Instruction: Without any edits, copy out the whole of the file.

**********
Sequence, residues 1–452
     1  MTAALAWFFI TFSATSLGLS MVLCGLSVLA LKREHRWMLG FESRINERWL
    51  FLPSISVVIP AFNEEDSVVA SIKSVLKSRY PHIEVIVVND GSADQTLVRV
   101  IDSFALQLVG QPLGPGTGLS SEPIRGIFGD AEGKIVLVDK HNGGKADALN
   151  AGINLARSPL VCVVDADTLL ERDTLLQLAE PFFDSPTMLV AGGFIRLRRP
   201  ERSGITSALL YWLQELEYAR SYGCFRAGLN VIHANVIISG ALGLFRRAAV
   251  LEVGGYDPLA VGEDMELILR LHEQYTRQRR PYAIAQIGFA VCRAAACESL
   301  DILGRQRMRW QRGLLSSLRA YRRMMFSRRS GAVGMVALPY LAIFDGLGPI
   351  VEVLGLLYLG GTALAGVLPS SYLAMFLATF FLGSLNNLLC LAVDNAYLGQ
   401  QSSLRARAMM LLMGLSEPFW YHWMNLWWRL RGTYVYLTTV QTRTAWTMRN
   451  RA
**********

Sequence, residues 1–452
     1  MTAALAWFFI TFSATSLGLS MVLCGLSVLA LKREHRWMLG FESRINERWL
    51  FLPSISVVIP AFNEEDSVVA SIKSVLKSRY PHIEVIVVND GSADQTLVRV
   101  IDSFALQLVG QPLGPGTGLS SEPIRGIFGD AEGKIVLVDK HNGGKADALN
   151  AGINLARSPL VCVVDADTLL ERDTLLQLAE PFFDSPTMLV AGGFIRLRRP
   201  ERSGITSALL YWLQELEYAR SYGCFRAGLN VIHANVIISG ALGLFRRAAV
   251  LEVGGYDPLA VGEDMELILR LHEQYTRQRR PYAIAQIGFA VCRAAACESL
   301  DILGRQRMRW QRGLLSSLRA YRRMMFSRRS GAVGMVALPY LAIFDGLGPI
   351  VEVLGLLYLG GTALAGVLPS SYLAMFLATF FLGSLNNLLC LAVDNAYLGQ
   401  QSSLRARAMM LLMGLSEPFW YHWMNLWWRL RGTYVYLTTV QTRTAWTMRN
   451  RA